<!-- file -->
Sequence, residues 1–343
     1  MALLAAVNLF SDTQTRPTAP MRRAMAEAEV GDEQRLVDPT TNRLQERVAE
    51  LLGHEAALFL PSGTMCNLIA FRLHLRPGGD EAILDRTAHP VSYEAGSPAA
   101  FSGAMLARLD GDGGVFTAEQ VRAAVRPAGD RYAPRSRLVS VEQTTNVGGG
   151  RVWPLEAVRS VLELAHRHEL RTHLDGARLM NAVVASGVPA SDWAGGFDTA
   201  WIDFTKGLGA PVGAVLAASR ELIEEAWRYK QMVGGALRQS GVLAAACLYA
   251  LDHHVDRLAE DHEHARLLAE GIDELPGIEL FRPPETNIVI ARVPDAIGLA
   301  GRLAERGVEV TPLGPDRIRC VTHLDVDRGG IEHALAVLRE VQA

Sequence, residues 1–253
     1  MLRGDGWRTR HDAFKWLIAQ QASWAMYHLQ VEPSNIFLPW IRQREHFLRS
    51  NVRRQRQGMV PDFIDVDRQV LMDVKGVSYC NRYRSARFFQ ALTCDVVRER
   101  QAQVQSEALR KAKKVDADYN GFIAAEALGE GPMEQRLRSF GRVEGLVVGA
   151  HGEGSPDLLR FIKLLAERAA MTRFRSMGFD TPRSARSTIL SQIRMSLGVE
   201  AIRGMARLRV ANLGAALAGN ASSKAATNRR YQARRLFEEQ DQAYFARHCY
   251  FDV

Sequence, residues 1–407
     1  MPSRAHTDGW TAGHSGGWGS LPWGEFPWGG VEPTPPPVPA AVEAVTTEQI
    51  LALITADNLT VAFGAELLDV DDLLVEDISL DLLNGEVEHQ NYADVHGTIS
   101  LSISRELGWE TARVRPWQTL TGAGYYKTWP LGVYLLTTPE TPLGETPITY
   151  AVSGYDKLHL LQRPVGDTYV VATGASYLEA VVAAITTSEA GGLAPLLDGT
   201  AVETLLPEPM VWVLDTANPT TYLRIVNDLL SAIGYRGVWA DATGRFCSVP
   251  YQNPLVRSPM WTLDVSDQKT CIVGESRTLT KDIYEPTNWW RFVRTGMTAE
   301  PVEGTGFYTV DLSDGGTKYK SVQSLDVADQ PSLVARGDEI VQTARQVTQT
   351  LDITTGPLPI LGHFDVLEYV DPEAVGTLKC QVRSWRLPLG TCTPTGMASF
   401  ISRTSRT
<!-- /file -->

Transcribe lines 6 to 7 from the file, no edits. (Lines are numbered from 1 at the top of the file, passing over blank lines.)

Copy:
   201  WIDFTKGLGA PVGAVLAASR ELIEEAWRYK QMVGGALRQS GVLAAACLYA
   251  LDHHVDRLAE DHEHARLLAE GIDELPGIEL FRPPETNIVI ARVPDAIGLA